- Patrick is probably best known for his expressionist portraits of beautiful African women, some derived from his vivid imagination, others from any number of Kenya’s 43 communities.
- But once he got commissioned by the World Agro-Forestry Centre to paint local landscapes in 2013, his impressionist visions of Kenya's natural spaces have won him many more admirers.
Patrick Kinuthia, one of Kenya’s most prolific painters, opened his new Roweinay Gallery in August with little or no fanfare.
He moved from his home studio in Migaa, Kiambu County into the upmarket Rosslyn Riviera mall.
Patrick prefers to let his paintings speak for themselves. And indeed, they have over the years when he has exhibited everywhere from the dusit2 Hotel, Village Market, Sarang Art, and Banana Hill Art Galleries to the Tribal Art Gallery, UN Recreation Centre, Little Art Gallery, and Michael Joseph Centre at Safaricom.
“It was difficult for many of my clients to find my home in Kikuyu,” says the artist.
“So I felt I needed to find a base more centrally located and easier for people to find my work,” he adds.
He has been an artist ‘on fire’ for years, painting series of subjects that range from portraits and landscapes to local market scenes and Swahili doors that he has seen in Mombasa’s Old Town.
Patrick is probably best known for his expressionist portraits of beautiful African women, some derived from his vivid imagination, others from any number of Kenya’s 43 communities.
But once he got commissioned by the World Agro-Forestry Centre to paint local landscapes in 2013, his impressionist visions of Kenya's natural spaces have won him many more admirers.
Having a gallery means he is now able to exhibit his latest works as well as some early ones. That includes remnants of series such as his ‘Gabbra man’, (from his indigenous people phase), his Wangigi Market, (from his ‘African Mark’ which was so well received that he decided to replicate several of them, only now as miniature works.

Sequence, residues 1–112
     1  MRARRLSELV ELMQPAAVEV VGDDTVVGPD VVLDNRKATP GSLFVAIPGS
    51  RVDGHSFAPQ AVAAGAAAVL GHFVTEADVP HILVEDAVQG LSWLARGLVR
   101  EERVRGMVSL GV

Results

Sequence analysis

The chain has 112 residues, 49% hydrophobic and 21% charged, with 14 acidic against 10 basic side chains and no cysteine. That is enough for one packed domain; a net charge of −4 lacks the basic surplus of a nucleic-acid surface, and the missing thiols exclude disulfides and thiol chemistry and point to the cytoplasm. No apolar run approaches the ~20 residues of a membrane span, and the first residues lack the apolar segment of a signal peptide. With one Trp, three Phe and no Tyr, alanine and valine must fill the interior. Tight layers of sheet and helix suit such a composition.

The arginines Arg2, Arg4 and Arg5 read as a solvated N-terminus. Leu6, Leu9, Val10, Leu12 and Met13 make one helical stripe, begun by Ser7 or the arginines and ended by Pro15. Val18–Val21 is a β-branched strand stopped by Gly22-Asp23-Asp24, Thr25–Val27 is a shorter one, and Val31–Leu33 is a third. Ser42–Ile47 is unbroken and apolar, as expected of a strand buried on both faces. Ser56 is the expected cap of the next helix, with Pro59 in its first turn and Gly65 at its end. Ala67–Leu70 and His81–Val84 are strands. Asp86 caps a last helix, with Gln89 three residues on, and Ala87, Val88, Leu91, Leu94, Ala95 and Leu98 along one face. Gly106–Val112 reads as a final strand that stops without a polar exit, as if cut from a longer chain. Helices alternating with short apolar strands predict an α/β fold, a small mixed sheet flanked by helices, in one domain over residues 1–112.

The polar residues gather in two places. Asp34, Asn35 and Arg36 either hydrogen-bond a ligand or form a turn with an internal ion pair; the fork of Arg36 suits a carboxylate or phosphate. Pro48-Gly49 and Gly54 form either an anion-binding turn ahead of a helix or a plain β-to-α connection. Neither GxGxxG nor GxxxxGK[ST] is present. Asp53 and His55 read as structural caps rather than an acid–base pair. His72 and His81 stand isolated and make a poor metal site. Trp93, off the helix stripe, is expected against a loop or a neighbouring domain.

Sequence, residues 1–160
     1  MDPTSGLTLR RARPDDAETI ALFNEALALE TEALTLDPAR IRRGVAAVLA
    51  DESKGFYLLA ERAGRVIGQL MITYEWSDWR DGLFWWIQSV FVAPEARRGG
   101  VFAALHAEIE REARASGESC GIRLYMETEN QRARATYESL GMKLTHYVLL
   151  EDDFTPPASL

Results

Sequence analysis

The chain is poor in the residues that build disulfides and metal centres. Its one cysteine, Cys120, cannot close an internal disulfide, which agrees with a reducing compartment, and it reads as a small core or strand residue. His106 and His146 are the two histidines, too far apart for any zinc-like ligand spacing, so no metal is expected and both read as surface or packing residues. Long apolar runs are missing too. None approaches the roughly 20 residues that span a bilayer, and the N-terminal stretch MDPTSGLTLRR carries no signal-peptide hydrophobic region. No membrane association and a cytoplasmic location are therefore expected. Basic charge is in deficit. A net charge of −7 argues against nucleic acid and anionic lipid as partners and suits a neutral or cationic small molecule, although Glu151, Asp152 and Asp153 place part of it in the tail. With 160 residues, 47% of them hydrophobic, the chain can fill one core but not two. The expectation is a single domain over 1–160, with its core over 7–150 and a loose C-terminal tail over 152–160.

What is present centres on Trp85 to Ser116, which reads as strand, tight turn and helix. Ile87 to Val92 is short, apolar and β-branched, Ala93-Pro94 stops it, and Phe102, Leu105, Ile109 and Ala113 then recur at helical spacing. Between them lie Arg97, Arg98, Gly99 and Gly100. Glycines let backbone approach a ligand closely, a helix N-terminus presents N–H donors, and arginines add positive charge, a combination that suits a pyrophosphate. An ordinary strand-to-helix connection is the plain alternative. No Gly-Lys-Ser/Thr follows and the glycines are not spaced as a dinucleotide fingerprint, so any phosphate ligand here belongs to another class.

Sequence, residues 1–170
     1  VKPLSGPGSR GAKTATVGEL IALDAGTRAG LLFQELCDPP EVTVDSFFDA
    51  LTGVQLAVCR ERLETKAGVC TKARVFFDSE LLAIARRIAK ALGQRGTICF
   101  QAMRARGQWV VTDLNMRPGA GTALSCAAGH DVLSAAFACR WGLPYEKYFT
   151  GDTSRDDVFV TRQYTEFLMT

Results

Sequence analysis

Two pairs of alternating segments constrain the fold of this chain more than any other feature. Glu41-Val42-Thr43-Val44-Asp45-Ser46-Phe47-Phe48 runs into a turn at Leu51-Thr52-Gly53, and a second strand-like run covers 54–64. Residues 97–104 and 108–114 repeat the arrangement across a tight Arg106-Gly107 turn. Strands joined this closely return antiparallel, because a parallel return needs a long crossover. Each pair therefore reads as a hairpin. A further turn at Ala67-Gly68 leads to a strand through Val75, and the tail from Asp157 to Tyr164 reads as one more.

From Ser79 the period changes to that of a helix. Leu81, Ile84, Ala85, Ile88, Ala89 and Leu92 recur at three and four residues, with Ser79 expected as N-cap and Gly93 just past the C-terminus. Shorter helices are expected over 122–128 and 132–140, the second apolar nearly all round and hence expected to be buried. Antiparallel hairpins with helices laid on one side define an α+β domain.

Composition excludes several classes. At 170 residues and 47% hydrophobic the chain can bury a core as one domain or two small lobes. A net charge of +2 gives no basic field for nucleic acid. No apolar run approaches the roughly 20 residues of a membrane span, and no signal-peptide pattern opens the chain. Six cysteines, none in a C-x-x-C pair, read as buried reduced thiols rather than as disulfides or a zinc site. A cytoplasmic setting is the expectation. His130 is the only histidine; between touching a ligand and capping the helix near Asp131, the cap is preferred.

“I’m also showing works by two local artists, Kennedy Kinyua and Njeri Kinuthia, my student,” he says.
“I am open to the idea of exhibiting other artists’ works. I plan to give at least one wall [near the gallery entrance] to display other artists,” he adds.
Patrick intends to run artists’ workshops in the gallery which got its name, roweinay, from the Kikuyu word meaning river.
“The Ruaka River is just behind us,” says the man who has painted many Kenyan rivers, streams, and lakes. Two of them, Lakes Naivasha and Nakuru, are on display in the gallery right now.
Patrick has always been an independent spirit. He has also been keen on art from his youth. He grew up with a father who loved the arts that he founded his own mobile cinema company and showed films all over Eastlands estates and beyond.
But Patrick’s dad also appreciated the visual arts so much that he hired a professional artist from Pakistan named Rafiq Mohammed to paint advertising posters and murals promoting his Citizen Cinema Company.
Nonetheless, Patrick’s father originally wanted his son to study accounting, which he did briefly. But once he made clear to his dad that accounts were not for him, Patrick went to work with his elder, painting under the tutelage of Rafiq.
“Rafiq was a meticulous portrait artist who also painted beautiful landscapes,” recalls Patrick.
“My father once commissioned him to paint all the African leaders of that time,” he adds, noting that he and Rafiq painted ‘poster art’ of everyone from Chuck Norris and Sylvester Stallone to sundry Chinese karate stars. But after four years of apprenticing with the Pakistani, Patrick went to study graphic design at the Kenya Polytechnic (now Technical University).
From there, he got a job with Metal Box in Thika doing graphic design. But this too did not satisfy his desire to get to work on his own. And that is what he has been doing ever since.